my year with 44 men

Reading the Presidents One by One

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‘Murica

In honor of America’s 236th birthday, I’d like to leave you with these gems (all of which come from and all credit should go to Sharpwriter.deviantart.com). Happy 4th!  ‘MERICA!

Abe on a bear

Mecha-FDR

Thomas Jefferson fist fighting a gorilla

Teddy Roosevelt fighting Sasquatch

Reagan riding a velocoraptor

JFK: Alien Hunter

George Washington fighting zombies

Ben Franklin vs Zeus

Andrew Jackson: Alien Slayer

Also because I love to shamelessly show off my dog, I’d like to tell you a story.  See, she loves walks.  I figure, what better way to celebrate the 106 degree weather than take my dog on a walk to Dairy Queen to sit under giant shady umbrellas, eat an Oreo Blizzard (what’s more American than that), and have a big cup of ice water (that was for Lucy).  It started fine, but within just a few blocks, this is what happened.

One of us has a genuine smile.  The other does not.  You can guess which one is which.

And within seconds of  <li><del>walking</del></li> being carried in the door, Lucy found the fan and waiting with baited breath for me to bring her a bowl of ice water.

 

Goals are Important to Keep Me Going

My current goal is that one of these days I will finish this abysmal book and be able to move on to James Madison.  sigh.

T minus 7 days

In seven- yes seven- days, I’ll be undertaking potentially the most boring/interesting/redundant/political/intense/educational [circle one or more that apply] reading project I’ve ever started (maybe competing with Laura Reads the Classics 2010 for some of those titles?).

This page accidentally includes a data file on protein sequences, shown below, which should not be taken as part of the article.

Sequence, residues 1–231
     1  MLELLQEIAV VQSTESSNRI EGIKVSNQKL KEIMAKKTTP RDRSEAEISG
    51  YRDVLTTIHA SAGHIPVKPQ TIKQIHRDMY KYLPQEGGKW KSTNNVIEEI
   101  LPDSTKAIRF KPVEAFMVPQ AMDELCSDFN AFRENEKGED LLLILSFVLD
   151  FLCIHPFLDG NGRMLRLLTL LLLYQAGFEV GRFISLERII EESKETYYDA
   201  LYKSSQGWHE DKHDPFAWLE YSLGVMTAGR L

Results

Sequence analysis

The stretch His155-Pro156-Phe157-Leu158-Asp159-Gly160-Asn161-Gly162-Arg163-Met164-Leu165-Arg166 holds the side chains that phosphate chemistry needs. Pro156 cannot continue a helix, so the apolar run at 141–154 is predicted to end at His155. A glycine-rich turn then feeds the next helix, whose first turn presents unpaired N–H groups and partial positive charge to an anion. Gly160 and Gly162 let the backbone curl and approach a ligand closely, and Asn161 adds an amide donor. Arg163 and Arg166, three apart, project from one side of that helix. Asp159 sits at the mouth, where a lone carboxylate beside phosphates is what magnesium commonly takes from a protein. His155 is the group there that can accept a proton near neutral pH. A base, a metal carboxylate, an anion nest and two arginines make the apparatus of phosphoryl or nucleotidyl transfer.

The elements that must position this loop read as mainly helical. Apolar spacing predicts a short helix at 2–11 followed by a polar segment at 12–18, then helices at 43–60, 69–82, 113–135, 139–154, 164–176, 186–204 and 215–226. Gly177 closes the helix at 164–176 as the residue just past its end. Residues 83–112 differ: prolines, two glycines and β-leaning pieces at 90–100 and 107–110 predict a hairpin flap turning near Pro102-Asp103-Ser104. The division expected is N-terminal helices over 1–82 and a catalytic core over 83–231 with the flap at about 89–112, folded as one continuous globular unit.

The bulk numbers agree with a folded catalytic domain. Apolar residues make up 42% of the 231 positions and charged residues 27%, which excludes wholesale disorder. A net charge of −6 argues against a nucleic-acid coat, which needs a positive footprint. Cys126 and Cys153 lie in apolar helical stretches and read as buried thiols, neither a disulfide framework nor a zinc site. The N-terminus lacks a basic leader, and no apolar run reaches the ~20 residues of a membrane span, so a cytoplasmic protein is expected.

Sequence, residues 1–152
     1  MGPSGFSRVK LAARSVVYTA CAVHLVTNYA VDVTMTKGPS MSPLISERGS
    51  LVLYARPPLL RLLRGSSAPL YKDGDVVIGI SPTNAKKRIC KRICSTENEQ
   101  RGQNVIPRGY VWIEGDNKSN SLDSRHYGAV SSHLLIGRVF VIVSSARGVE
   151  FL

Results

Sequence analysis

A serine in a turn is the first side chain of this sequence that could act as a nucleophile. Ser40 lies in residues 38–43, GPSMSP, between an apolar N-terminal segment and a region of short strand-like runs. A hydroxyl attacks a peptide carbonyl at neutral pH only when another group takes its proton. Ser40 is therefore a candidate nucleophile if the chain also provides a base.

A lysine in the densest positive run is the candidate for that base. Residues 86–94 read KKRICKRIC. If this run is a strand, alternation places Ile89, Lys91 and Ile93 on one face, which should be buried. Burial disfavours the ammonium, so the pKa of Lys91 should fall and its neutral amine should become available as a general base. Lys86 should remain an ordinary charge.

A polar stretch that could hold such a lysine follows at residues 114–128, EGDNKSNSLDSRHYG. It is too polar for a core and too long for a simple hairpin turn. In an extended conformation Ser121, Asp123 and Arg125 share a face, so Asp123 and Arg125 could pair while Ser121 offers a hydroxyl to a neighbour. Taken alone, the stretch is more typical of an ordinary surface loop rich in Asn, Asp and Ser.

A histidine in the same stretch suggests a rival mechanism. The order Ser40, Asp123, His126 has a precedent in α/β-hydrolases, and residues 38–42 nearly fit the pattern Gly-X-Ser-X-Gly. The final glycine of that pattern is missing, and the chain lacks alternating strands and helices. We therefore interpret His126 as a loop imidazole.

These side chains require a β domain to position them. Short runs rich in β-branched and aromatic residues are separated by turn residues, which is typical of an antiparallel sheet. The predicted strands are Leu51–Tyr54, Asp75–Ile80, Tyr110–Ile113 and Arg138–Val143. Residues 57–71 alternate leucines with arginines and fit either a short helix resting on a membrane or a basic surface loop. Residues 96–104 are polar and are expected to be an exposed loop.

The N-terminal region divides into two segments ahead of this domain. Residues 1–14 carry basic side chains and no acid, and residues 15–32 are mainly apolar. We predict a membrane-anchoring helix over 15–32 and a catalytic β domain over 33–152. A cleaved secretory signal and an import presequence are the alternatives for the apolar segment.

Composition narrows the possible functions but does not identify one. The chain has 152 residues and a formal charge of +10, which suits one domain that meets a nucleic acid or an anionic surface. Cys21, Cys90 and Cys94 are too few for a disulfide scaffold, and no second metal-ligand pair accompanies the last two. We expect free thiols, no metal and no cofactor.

Washington came in the mail (as I posted), but Adams, who was ordered the very same day (and expected to arrive December 6th) didn’t come.  And didn’t come.  And didn’t come.  I started having mini strokes.  What if it doesn’t get here by the time I’m done with Washington?  What if the whole project is ruined because of some a-hole on Amazon and his laziness in shipping?  Do I skip to Jefferson?  Do I procrastinate with Washington?  Do I read something in between?  Meanwhile, my very patient husband kept his manta, “It’ll get here.  Things are busy during the holiday season at the Post.  Washington’s a big book- it might take you a little bit to get through.”  and so on, even though I know in his head he was cursing me and my First World Problems.  But then it came.  32 days after it was ordered, debited from my account, and “shipped from seller before 12 PM CST.”

 

All the while, I’m having another mini stroke.  I got a Barnes and Noble gift card as an early Christmas gift from a good friend.  That doesn’t sound like a crisis, right? Wrong.  My mind is reeling trying to decide what to do.  Do I buy a book to read to hold me over between now and New Years?  What if I get wrapped up in things and don’t get around to it? Then I’ve spent my gift card on a book that I can’t read until 2013.  What if I wait and use it to buy James Madison (#4), but I don’t have anything to read between Christmas and New Years?  It’s stuff like this that stresses me out.  Pathetic.

More to come.  Maybe not for 7 more days, but more to come eventually.

Look what came today!

This beauty arrived at a perfect time- after a bad day providing a perfect mood lift!

 

Super pumped at the arrival of Book 1- Washington: A Life.  It arrived after a bad day at work in its 904-page, 2.6 pound glory

Not sure if I can wait until January to start.

Committing to 44 Men